The artist’s passion for polka dots is rivaled only by the market’s demand for them. At the age of 10, Kusama painted spots to combat mental illness by visualizing her hallucinations. By the ’60s, she was staging New York happenings among the city’s avant-garde set (think: polka-dot painted orgies). And today, on occasional leave from the Tokyo sanitarium where she’s lived by choice since 1977, she’ll grace a charmed crowd with an appearance, clad head-to-toe in dots (not even her wheelchair is spared).
But despite worldwide acclaim, 2015 was a year of firsts for Kusama—her first major retrospective in Scandinavia, at the Louisiana Museum of Modern Art, as well as her first solo show in Russia to inaugurate the Garage Museum of Contemporary Art’s stunning new space. “We’ve never had so many visitors!” says Kate Fowle, the museum’s chief curator, who recalls lines around the building and visitors in the thousands waiting to see what she describes as Kusama’s “mesmerizing, mirrored polka dot room,” among other installations.
Illustration of Damien Hirst by Rebecca Strickson for Artsy, based on a photograph by Anton Corbijn.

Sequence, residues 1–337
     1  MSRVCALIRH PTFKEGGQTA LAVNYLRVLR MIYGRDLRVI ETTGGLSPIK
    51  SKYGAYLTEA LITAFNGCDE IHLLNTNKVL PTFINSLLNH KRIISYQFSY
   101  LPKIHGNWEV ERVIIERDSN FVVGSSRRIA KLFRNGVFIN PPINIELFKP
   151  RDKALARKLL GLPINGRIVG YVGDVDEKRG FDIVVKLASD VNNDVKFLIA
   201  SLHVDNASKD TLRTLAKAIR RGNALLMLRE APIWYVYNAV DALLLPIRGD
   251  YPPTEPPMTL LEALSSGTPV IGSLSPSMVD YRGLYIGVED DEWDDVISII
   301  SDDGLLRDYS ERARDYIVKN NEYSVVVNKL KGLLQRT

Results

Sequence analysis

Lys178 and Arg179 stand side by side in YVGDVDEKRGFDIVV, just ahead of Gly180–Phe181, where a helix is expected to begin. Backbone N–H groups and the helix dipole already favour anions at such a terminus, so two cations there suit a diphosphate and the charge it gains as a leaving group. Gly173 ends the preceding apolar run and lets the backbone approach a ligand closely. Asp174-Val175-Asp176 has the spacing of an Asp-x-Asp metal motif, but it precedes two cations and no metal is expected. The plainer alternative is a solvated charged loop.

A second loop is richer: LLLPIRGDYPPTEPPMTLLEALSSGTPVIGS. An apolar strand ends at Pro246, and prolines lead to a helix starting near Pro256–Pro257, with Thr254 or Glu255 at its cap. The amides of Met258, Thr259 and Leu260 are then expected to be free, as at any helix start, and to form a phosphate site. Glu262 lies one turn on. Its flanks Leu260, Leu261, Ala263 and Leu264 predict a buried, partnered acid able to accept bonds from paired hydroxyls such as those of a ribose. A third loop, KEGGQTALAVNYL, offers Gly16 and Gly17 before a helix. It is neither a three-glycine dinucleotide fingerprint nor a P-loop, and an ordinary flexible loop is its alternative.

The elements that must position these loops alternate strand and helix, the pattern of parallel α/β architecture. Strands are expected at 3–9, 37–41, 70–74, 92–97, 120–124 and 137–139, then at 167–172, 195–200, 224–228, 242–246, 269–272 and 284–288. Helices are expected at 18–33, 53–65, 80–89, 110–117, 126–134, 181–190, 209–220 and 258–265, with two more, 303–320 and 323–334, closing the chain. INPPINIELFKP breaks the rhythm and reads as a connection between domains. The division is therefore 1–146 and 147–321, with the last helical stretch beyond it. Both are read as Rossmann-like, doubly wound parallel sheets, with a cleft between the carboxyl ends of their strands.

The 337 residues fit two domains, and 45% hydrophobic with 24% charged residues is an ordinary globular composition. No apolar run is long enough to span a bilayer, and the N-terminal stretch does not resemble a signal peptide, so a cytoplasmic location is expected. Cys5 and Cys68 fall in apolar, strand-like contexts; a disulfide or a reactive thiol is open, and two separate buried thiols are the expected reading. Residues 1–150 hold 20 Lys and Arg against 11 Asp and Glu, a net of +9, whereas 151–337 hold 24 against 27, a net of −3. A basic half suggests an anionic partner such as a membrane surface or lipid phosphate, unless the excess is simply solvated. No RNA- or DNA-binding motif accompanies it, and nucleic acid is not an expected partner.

With the opening of his Newport Street Gallery in Vauxhall, South London, in October 2015, Young British Artist (YBA) Hirst has punctuated another sentence in his long and varied career. The respected architects Caruso St John designed the space, which opened with an exhibition focused on British abstract painter (and personal hero of Hirst) John Hoyland. Reviews of the new museum have been overwhelmingly positive, though critical reappraisal of Hoyland has been mixed. And by the measure of interest around the museum’s opening, it might be enough for Hirst to bounce back from a bumpy few years for his market. After the high of the now-infamous 2008 Sotheby’s auction where £111 million of Hirst’s work sold, the artist’s prices nosedived as the global economy tanked, and a 2012 show at London’s White Cube was savaged by critics. At Newport Street, Hirst appears to be returning to his roots: he was notoriously the curator of the 1988 exhibition “Freeze,” which launched the career of many of his fellow YBAs while they were still students at Goldsmiths College, and jump-started his own ascent.
Illustration of Yoko Ono by Rebecca Strickson for Artsy, based on a photograph by Michael Lavine. Original photograph © Yoko Ono.